This editorial appeared in the Chicago Tribune
The work of the Tribune Editorial Board includes inviting government officials or political candidates to meet with us in our boardroom -- sometimes for a formal interview, sometimes a campaign season debate. Our guests often have confided they were intimidated by the gravitas of the setting: neo-Gothic Tribune Tower, Chicago's ornate 93-year-old cathedral of journalism.
Just imagine the first-time candidate for office arriving in the high-ceilinged, travertine-marbled lobby of this proud, steadfast structure. One blink to get situated and the visitor is confronted with the Tribune's sober watchdog mission. Carved on the walls are noble quotations from historical figures about the role of the press in preserving a free society.
Was it an unfair advantage we held over those who came calling? It didn't hurt that even before being ushered to our lair and asked a budget or policy question, the visitor had been lectured in the hallway by Benjamin Rush ("Newspapers are the sentinels of the liberties of our country"), warned by Lord Macaulay ("Where there is a free press the governors must live in constant awe of the opinions of the governed") and hectored by Thomas Jefferson ("Our liberty depends on the freedom of the press and that can not be limited without being lost.")
We've loved working at Tribune Tower. We felt privileged to come through the revolving doors of the most spectacular building in Chicago, walking past those etched admonitions. If walls could talk, says the cliche. Well, the walls of Tribune Tower did speak to us, uplifting us in our daily toils, reprimanding us when we fell short in our responsibilities.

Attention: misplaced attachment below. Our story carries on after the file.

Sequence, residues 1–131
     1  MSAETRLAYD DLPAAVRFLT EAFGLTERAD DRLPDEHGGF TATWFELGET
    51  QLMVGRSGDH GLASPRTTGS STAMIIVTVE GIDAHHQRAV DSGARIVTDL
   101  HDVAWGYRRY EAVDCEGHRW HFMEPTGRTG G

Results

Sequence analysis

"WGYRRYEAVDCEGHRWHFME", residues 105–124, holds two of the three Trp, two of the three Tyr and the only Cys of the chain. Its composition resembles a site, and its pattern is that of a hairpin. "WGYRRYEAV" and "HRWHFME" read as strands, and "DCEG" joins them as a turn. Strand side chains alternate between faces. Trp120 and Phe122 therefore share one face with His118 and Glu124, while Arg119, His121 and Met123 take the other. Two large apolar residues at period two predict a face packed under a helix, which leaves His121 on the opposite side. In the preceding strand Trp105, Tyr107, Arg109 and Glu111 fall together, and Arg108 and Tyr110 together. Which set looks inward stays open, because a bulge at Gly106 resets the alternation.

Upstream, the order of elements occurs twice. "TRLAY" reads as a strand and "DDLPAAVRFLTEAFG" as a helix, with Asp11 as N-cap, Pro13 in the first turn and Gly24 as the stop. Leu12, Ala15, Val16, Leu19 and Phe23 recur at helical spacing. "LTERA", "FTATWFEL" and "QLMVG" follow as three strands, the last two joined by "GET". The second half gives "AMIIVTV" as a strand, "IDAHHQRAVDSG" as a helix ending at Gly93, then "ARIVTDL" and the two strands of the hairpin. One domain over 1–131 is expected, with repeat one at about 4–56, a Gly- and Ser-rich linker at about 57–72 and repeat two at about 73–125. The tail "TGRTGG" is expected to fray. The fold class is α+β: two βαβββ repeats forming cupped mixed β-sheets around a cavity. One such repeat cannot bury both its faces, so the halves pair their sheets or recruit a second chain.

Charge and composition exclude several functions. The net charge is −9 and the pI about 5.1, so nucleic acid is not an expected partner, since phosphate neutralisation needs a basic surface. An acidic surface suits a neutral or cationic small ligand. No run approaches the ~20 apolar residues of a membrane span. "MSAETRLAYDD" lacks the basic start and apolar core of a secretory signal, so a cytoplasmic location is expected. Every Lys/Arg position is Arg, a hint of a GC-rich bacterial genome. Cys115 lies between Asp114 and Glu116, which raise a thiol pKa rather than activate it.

We'd prefer to stay. The building's permanence and solemnity symbolize the Tribune's history -- Sunday will be its 171st birthday -- and enduring responsibilities. The spectacle of this place, with its playful Gothic sculptures and kooky artifacts from far-off lands plastered to the outside walls, is intoxicating. Ballplayers stepping onto the grass at Wrigley Field probably get the same jolt.
Yet we can't mourn our departure because dynamic cities grow and evolve. The Tower stands on Michigan Avenue, and will continue to do so under landmark protection, but as part of a larger commercial development planned by its new owners.
To be overcome by sentiment would be to misread the turbulent nature of a great city. Businesses, which create jobs, rise or fall based on their ability to compete. Sure, it would be nice if the Tribune stayed at 435 N. Michigan Ave., but creative destruction is a key attribute of free enterprise. Having voiced that difficult reassurance many times to many others, we can't grant ourselves a dispensation.
Cities evolve, and so will the Chicago Tribune, starting with the location of our newsroom. We will embrace the opportunity.